EasyJet reveals that some nine million of its customers have been affected by a “highly sophisticated cyber-attack”
Nine million EasyJet customers have been hacked according to a recent BBC news article. In January this year EasyJet became aware of a cyber attack which had affected millions of its customers and is now, based on the advice of the ICO—coming public in order to minimize potential phishing attempts. So far it has been noted that email addresses and travel details have been stolen and that 2,208 customers also had their credit card details accessed.
Although investigations are still underway, EasyJet reportedly told the BBC that it was only able to notify customers whose credit card details were stolen in early April.
“This was a highly sophisticated attacker. It took time to understand the scope of the attack and to identify who had been impacted. We could only inform people once the investigation had progressed enough that we were able to identify whether any individuals have been affected, then who had been impacted and what information had been accessed.” The BBC article quotes EasyJet.
At present, EasyJet has found no evidence that any personal information has been misused, although the ICO is investigating the breach and may take action accordingly. One should note that, regardless how the attackers use the personal data compromised in a breach, the risk to the rights and freedoms of the data subjects involved plays a key role when assessing the consequences of the incident and deciding the measures that should be implemented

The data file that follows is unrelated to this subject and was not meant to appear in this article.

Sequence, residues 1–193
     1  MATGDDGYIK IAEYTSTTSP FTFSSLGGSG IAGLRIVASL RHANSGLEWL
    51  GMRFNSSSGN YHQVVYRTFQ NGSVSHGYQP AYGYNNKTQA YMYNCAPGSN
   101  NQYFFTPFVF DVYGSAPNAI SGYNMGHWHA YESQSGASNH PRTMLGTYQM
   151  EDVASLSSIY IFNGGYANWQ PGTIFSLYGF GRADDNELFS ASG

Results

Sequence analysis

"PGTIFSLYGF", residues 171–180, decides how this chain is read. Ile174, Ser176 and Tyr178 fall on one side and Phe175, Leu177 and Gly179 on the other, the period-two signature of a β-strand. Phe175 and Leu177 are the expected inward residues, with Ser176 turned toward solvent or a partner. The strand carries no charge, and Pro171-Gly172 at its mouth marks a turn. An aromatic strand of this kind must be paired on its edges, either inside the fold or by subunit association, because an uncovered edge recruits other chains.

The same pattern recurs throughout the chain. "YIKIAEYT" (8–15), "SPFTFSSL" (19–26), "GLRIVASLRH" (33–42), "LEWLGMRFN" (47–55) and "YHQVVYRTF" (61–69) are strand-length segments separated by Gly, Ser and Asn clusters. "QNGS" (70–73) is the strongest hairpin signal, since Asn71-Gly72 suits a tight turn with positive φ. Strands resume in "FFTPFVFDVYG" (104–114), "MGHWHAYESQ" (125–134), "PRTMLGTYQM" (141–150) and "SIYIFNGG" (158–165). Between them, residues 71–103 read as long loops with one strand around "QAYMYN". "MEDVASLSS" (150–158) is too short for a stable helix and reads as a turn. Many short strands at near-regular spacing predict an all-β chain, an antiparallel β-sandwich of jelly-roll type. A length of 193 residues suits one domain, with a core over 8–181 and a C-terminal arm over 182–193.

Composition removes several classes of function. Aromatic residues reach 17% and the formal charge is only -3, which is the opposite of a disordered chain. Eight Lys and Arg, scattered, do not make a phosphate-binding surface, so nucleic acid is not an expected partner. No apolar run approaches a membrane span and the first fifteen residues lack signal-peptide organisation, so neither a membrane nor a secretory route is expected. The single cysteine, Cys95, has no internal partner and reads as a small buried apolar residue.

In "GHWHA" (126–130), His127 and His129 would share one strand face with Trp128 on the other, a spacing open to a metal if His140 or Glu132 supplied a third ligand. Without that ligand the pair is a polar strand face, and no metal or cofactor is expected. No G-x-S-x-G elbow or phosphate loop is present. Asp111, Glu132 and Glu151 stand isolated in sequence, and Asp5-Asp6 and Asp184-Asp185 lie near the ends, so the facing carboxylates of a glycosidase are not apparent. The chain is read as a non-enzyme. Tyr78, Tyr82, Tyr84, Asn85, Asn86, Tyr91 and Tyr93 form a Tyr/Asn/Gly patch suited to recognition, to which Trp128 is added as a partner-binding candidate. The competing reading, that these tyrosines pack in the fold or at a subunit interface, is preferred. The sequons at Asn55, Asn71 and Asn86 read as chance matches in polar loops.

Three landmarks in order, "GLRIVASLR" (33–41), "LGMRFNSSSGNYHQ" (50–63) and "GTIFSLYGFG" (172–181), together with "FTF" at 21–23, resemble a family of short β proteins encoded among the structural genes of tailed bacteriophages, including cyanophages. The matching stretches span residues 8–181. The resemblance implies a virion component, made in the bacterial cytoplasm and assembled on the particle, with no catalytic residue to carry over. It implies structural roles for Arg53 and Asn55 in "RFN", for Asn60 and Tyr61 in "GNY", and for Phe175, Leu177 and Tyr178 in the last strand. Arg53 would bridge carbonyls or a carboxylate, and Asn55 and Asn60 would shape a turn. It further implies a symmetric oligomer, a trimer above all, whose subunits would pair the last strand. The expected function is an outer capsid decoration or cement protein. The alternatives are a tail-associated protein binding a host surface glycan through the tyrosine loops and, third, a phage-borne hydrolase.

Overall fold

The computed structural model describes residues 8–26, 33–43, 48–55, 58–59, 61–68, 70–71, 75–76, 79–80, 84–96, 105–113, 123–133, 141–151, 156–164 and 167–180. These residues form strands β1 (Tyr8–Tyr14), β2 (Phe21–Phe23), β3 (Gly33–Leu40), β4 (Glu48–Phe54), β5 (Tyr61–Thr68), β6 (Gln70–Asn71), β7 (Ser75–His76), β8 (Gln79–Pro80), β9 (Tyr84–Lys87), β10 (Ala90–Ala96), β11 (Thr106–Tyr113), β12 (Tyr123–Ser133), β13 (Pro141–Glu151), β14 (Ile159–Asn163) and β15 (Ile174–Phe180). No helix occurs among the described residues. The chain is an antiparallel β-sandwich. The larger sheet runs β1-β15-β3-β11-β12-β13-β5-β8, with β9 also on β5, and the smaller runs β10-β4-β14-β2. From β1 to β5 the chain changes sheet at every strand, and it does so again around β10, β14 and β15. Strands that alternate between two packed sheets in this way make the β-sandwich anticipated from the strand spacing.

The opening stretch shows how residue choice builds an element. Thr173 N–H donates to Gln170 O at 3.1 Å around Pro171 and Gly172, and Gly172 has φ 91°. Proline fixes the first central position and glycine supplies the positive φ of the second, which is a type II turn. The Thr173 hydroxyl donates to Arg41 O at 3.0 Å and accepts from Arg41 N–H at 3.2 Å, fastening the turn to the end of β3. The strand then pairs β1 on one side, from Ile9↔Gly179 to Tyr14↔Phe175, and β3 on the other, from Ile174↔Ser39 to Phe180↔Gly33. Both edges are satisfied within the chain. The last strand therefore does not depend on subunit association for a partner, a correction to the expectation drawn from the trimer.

What should be the response from EasyJet upon the breach?
The steps that should be taken upon a breach with the aim of reducing the impact of the potential harm are the following:
- Apply any necessary measures to contain the breach where possible.
- Inform the DPO.
- Assess the risk of the breach and identify relevant elements such as categories of data and data subjects affected plus remedial actions considered or taken.
- Report the incident if necessary:
- The ICO should have been notified within 72 hours after having become aware of the breach, unless it was unlikely to result in a risk to the rights and freedoms of natural persons.
- The customers should be notified unless EasyJet has taken subsequent measures which ensure that the high risk to the rights and freedoms of data subjects is no longer likely to materialise. This is not the case because travel and credit cards details were involved, which may comprise sensitive data and address to further attacks such as phising. For example, under the current global health emergency, travel details may involve information about the customer testing positive for COVID-19.
- Evaluate the response and recovery to prevent future breaches.
It should also be noted that the reason why most data breaches take place is human error, therefore providing training to the employees is paramount.